The Michael Kelly Award

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Ken Armstrong & Nick Perry

CITATIONNick PerryKen Armstrong
Courage can take many forms. There’s physical courage—the willingness of journalists to put themselves in harm’s way to keep the public informed. There’s also moral courage—the commitment to truth that will alienate readers, risk advertising accounts, and jeopardize a newspaper’s standing during already precarious times. Ken Armstrong and Nick Perry of The Seattle Times displayed such courage in their four-part series “Victory and Ruins,” which exposed a community’s blind embrace of a Rose Bowl-winning University of Washington football team that coddled two dozen players who were arrested while at the university for charges including rape, robbery, and assault. Armstrong and Perry showed how it wasn’t only the athletic department and university administrators who looked the other way but also local police, prosecutors, judges, and influential alumni. As Seattle Times investigations editor James Neff wrote: “Few things ignite as much passion as football. And we knew we were lighting a fuse.”

BIOGRAPHY
Ken Armstrong, 46, is an investigative reporter at The Seattle Times. He previously worked at the Chicago Tribune, where he co-wrote a five-part series on capital punishment that helped prompt the Illinois governor to suspend executions and then empty Death Row. Armstrong has been a Nieman Fellow at Harvard and the McGraw Professor of Writing at Princeton. He has twice won the George Polk Award and is a four-time finalist for the Pulitzer Prize. After false starts in law school and the Peace Corps, Armstrong’s first job was at a small Colorado paper, where his beat was “sports and courts.” He later worked at papers in Idaho, California, Virginia, New York and Alaska. Armstrong is married to Ramona Hattendorf. They have two children, Emmett and Meghan.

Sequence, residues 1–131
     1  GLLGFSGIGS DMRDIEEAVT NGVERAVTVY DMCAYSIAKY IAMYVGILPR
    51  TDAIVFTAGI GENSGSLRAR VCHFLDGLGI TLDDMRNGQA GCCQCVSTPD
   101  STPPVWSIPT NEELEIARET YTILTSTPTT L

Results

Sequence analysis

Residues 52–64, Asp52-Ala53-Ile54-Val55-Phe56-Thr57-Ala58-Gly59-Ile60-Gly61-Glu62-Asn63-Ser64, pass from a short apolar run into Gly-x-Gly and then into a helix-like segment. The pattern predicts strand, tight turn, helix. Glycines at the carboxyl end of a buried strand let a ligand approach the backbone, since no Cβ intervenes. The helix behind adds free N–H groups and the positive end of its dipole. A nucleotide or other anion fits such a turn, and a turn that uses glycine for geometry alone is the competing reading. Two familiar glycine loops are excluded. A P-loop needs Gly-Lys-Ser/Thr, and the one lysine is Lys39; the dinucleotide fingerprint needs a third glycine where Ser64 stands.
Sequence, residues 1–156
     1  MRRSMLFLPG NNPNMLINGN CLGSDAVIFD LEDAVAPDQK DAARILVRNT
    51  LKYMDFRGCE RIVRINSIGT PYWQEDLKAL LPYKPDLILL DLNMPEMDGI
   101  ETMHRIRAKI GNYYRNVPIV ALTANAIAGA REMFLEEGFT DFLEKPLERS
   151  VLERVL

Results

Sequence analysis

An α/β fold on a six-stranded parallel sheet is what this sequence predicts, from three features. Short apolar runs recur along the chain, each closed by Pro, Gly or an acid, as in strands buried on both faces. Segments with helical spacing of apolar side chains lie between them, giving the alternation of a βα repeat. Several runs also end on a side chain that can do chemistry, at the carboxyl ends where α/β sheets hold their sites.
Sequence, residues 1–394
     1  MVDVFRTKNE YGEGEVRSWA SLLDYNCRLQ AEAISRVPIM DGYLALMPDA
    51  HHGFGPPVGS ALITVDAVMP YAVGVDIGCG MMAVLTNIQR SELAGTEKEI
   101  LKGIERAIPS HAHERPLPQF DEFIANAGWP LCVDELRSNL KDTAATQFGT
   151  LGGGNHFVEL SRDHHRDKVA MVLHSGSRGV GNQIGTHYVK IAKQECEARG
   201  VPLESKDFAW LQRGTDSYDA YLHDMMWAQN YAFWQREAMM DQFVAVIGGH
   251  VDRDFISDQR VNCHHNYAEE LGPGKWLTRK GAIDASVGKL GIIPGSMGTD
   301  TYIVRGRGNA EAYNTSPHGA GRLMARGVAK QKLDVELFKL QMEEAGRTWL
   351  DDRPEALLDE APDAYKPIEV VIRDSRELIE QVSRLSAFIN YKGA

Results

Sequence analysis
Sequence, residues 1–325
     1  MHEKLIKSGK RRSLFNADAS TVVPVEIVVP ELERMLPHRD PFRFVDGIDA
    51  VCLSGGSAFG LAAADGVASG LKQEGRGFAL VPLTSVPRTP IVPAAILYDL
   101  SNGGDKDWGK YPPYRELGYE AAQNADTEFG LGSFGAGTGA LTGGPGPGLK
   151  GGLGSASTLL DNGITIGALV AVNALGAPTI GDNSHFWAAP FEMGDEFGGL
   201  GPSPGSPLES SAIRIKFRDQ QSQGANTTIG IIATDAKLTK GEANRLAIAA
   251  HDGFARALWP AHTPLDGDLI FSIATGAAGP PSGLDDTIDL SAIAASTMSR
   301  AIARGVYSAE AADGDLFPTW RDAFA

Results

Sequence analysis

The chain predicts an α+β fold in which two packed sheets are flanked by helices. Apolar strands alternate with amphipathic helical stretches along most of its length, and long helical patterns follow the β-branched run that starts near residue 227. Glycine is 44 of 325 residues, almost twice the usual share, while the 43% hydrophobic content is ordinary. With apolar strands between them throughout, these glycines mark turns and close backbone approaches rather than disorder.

Nick Perry has covered the higher-education beat at The Seattle Times for the past three years. He is a native of New Zealand, where he grew up in a family steeped in newspaper tradition—his late grandfather was a renowned cricket writer who covered the sport for 60 years. Perry began his career at The New Zealand Herald in 1998 and moved to Seattle with his American wife Amy in 2000. He has worked for the Times since 2002. Perry has won a George Polk Award and a national beat-reporting award from the Education Writers Association. He is currently working with Ken Armstrong on a book based on the “Victory and Ruins” series. Perry and his wife have two children, Henry and Lillie.

Seattle Times Victory Ruins pt.1
Seattle Times Victory Ruins pt.2
Seattle Times Victory Ruins pt.3
Seattle Times Victory Ruins pt.4

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